Sign up ×
Stack Overflow is a community of 4.7 million programmers, just like you, helping each other. Join them; it only takes a minute:

I am attempting to use Sphinx to document my Python class. I do so using autodoc:

.. autoclass:: Bus

While it correctly fetches the docstrings for my methods, those that are decorated:

    def open(self):
        Some docs.
        # Code

with @checkStale being

def checkStale(f):
    def newf(self, *args, **kwargs):
        if self._stale:
            raise Exception
        return f(self, *args, **kwargs)
    return newf

have an incorrect prototype, such as open(*args, **kwargs).

How can I fix this? I was under the impression that using @wraps would fix up this kind of thing.

share|improve this question
The documentation in the stdlib and in Sphinx both seem to imply that you are doing everything right. :( – Ned Batchelder Sep 10 '10 at 18:23
Have you tried using the decorator package and putting @decorator on checkStale? I had a similar issue using epydoc with a decorated function. – bstpierre Sep 12 '10 at 2:38
@bstpierre I take it that the decorator package is not part of a normal Python distribution? I wonder if it is possible to use it where available, and otherwise fallback to what I've got? – Freddie Witherden Sep 12 '10 at 15:58
I monkey-patched functools.wraps to undo wrapping, see:… – SmCaterpillar Feb 6 at 17:54

5 Answers 5

up vote 11 down vote accepted

To expand on my comment:

Have you tried using the decorator package and putting @decorator on checkStale? I had a similar issue using epydoc with a decorated function.

As you asked in your comment, the decorator package is not part of the standard library.

You can fall back using code something like the following (untested):

    from decorator import decorator
except ImportError:
    # No decorator package available. Create a no-op "decorator".
    def decorator(f):
        return f
share|improve this answer
This isn't exactly a fallback. Unfortunately decorator and functools.wraps have different signatures, otherwise the preferred method would be try: from decorator import decorator as wraps;except ImportError: from functools import wraps. – kitsu.eb Sep 8 '12 at 17:21
if i add that it works for sphinx but sometimes (e.g., when i run the tests) i get this error user_required() takes exactly 1 argument (2 given) . basically i should import the devorator only when sphinx compiles the docs otherwise the other "fake" function.. any idea? – EsseTi Mar 3 at 21:41

I had the same problem with the celery @task decorator.

You can also fix this in your case by adding the correct function signature to your rst file, like this:

.. autoclass:: Bus

    .. automethod:: open(self)
    .. automethod:: some_other_method(self, param1, param2)

It will still document the non-decorator members automatically.

This is mentioned in the sphinx documentation at -- search for "This is useful if the signature from the method is hidden by a decorator."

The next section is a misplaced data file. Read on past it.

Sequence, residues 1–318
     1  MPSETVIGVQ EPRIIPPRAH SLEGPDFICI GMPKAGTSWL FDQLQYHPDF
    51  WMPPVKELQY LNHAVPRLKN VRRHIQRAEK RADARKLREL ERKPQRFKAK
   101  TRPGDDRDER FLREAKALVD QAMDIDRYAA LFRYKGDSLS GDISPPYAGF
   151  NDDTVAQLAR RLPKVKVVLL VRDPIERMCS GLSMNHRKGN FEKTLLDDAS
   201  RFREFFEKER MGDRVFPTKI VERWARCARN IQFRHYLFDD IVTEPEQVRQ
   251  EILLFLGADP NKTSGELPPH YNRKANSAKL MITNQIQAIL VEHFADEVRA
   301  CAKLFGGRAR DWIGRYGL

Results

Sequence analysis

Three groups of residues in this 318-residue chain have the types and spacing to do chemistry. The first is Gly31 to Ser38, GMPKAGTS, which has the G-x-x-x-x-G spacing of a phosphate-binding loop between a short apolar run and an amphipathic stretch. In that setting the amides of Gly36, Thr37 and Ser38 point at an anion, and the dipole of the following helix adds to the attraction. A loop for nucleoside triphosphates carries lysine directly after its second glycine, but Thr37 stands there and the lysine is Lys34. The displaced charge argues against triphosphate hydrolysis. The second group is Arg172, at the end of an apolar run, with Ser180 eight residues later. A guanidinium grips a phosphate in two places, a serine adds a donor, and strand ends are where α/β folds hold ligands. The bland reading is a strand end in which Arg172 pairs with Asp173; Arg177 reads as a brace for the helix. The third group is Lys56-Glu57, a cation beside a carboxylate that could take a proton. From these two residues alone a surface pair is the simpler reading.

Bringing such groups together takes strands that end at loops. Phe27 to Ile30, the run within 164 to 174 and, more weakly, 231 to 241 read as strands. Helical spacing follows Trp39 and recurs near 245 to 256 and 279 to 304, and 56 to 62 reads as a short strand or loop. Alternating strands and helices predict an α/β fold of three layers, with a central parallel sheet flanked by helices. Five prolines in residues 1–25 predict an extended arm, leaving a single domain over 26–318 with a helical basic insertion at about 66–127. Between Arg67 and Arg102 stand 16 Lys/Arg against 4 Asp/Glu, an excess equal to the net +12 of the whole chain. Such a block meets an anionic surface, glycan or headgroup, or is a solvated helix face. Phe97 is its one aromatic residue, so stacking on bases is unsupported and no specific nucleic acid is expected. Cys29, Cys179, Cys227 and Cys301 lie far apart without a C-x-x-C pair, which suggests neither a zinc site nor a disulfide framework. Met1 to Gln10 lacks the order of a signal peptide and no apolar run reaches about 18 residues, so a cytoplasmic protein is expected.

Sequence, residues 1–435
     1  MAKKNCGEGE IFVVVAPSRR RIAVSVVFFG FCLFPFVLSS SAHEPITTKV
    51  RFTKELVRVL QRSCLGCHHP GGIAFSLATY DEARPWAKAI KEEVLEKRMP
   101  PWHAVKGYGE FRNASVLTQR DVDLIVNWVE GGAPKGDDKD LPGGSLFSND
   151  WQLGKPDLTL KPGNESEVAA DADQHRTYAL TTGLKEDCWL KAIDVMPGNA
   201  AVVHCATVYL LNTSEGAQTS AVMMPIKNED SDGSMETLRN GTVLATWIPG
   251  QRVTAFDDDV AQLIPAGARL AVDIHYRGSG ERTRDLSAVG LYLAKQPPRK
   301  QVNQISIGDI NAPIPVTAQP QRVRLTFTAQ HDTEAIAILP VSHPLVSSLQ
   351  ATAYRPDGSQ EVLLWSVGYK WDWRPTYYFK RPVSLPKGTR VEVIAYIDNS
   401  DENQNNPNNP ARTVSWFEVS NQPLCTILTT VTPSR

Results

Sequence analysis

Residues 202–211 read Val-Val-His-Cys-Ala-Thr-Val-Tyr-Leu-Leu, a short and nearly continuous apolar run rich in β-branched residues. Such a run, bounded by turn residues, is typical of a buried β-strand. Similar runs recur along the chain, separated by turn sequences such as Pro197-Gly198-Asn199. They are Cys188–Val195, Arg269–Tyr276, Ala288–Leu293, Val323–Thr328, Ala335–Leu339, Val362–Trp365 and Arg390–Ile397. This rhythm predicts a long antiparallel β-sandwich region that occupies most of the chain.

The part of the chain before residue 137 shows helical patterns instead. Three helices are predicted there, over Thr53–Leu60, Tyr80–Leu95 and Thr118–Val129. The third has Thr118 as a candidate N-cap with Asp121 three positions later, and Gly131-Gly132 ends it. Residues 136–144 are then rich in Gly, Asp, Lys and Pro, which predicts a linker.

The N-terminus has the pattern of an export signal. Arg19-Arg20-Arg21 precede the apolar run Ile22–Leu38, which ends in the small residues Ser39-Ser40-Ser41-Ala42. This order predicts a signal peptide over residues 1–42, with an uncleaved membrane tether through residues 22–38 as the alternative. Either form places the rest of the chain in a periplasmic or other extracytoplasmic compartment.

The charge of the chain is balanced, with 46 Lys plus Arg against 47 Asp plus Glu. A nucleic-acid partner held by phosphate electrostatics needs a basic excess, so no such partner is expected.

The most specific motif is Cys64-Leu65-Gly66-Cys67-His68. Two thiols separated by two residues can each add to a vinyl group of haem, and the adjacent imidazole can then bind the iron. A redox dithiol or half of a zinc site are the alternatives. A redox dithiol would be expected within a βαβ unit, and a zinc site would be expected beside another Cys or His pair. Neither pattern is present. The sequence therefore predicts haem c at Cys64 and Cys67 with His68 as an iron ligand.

In my case, I had to use autofunction to specify the signature of my celery tasks in the module of a django app:

.. automodule:: django_app.tasks

    .. autofunction:: funct1(user_id)
    .. autofunction:: func2(iterations)
share|improve this answer
In addition to this answer (which is great, thanks!) I also had to exclude the decorated function using :exclude-members: funcname in order to prevent it from appearing twice. – bvukelic Sep 7 '14 at 11:42

Added in version 1.1 you can now override the method signature by providing a custom value in the first line of your docstring.

def open(self):
    Some docs.
    # Code
share|improve this answer
This doesn't help :( – A-B-B Jul 16 '13 at 15:21

If you're particularly adamant about not adding another dependency here's a code snippet that works with the regular inspector by injecting into the docstring. It's quite hackey and not really recommended unless there are good reasons to not add another module, but here it is.

# inject the wrapped functions signature at the top of a docstring
args, varargs, varkw, defaults = inspect.getargspec(method)
defaults = () if defaults is None else defaults
defaults = ["\"{}\"".format(a) if type(a) == str else a for a in defaults]
l = ["{}={}".format(arg, defaults[(idx+1)*-1]) if len(defaults)-1 >= idx else arg for idx, arg in enumerate(reversed(list(args)))]
if varargs: allargs.append('*' + varargs)
if varkw: allargs.append('**' + varkw)
doc = "{}({})\n{}".format(method.__name__, ', '.join(reversed(l)), method.__doc__)
wrapper.__doc__ = doc
share|improve this answer

Try this:

def decorator(func):
    def f(*args, **opts):
        # do stuff with func

    # pass along the decorated function's docstring and repr
    f.__doc__ = func.__doc__
    f.__repr__ = func.__repr__

    return f

The trick is to copy the doc and repr fields from the decorated function and set them on the closure.

share|improve this answer
I believe you are being down voted because the question was regarding the method signature, not the docs. Additionally, functionality you describe is exactly what is provided by the Python standard lib with – adam Nov 6 '12 at 19:59
It's insufficient anyway. – A-B-B Jul 16 '13 at 15:27

Your Answer


By posting your answer, you agree to the privacy policy and terms of service.

Not the answer you're looking for? Browse other questions tagged or ask your own question.